Lightning is an electrical discharge occurring in the atmosphere accompanied by a vivid flash of light. During a thunderstorm, a positive charge builds in the upper part of a cloud and a negative charge builds in the lower part of the cloud. The difference between the positive and negative charges increases, generating an electrical field, until the electrical charge jumps from one area to another. Lightning may travel from cloud to ground or cloud to air or cloud to cloud or stay within a cloud. The main types of lightning are:
- Streak lightning: A single or multiple zigzagging line from cloud to ground.
- Forked lightning: Lightning that forms two branches simultaneously.
- Sheet lightning: A shapeless flash covering a broad area.
- Ribbon lightning: Streak lightning blown sideways by the wind to make it appear like parallel successive strokes.
- Bead or chain lightning: A stroke interrupted or broken into evenly spaced segments or beads.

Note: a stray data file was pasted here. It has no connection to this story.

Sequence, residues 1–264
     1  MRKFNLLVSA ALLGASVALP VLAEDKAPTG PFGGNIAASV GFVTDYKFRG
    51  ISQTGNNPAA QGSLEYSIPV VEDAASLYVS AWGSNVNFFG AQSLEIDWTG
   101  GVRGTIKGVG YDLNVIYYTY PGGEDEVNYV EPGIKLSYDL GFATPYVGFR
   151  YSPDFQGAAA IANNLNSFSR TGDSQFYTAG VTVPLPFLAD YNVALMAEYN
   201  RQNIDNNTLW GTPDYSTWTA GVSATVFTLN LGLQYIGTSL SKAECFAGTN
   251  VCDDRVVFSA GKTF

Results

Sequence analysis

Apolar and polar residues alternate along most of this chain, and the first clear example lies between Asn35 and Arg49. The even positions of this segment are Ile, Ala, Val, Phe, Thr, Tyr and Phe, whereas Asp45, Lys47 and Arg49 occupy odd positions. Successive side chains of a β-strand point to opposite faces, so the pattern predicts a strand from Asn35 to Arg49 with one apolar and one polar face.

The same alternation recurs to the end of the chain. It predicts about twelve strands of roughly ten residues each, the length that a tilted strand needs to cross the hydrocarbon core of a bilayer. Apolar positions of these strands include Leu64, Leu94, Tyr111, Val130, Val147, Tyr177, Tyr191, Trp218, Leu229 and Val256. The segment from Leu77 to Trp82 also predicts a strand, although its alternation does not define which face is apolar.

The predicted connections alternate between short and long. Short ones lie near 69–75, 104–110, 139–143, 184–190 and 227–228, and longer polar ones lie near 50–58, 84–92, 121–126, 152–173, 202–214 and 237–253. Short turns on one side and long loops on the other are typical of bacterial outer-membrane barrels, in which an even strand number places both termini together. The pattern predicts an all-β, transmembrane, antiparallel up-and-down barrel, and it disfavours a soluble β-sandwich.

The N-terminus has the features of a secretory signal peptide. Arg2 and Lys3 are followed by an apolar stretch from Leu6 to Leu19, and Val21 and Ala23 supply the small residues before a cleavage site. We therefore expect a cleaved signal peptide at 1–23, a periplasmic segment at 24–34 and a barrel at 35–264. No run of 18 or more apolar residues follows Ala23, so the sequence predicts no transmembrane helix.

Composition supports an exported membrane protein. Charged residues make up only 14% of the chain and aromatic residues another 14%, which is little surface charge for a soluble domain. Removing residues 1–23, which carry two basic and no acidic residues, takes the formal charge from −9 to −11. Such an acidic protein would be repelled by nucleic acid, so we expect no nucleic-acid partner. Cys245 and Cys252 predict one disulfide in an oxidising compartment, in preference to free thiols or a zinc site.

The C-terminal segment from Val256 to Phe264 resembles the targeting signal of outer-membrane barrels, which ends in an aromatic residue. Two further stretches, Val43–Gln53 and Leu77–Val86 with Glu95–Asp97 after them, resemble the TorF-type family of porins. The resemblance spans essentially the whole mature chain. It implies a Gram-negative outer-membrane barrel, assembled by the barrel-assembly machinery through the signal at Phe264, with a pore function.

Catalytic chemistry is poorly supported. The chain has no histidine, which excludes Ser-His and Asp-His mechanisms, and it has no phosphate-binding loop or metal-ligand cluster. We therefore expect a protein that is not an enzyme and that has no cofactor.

- Ball lightning: A rare form of lightning in which a persistent and moving luminous white or colored sphere is seen. It can last from a few seconds to several minutes, and it travels at about a walking pace. Spheres have been reported to vanish harmlessly, or to pass into or out of rooms—leaving, in some cases, signs of their passage, such as a hole in a window pane. Sphere dimensions vary but are most commonly from 4 to 8 inches (10 to 20 centimeters) in diameter.
- Heat lightning: Lightning seen along the horizon during hot weather and believed to be a reflection of lightning occurring beyond the horizon.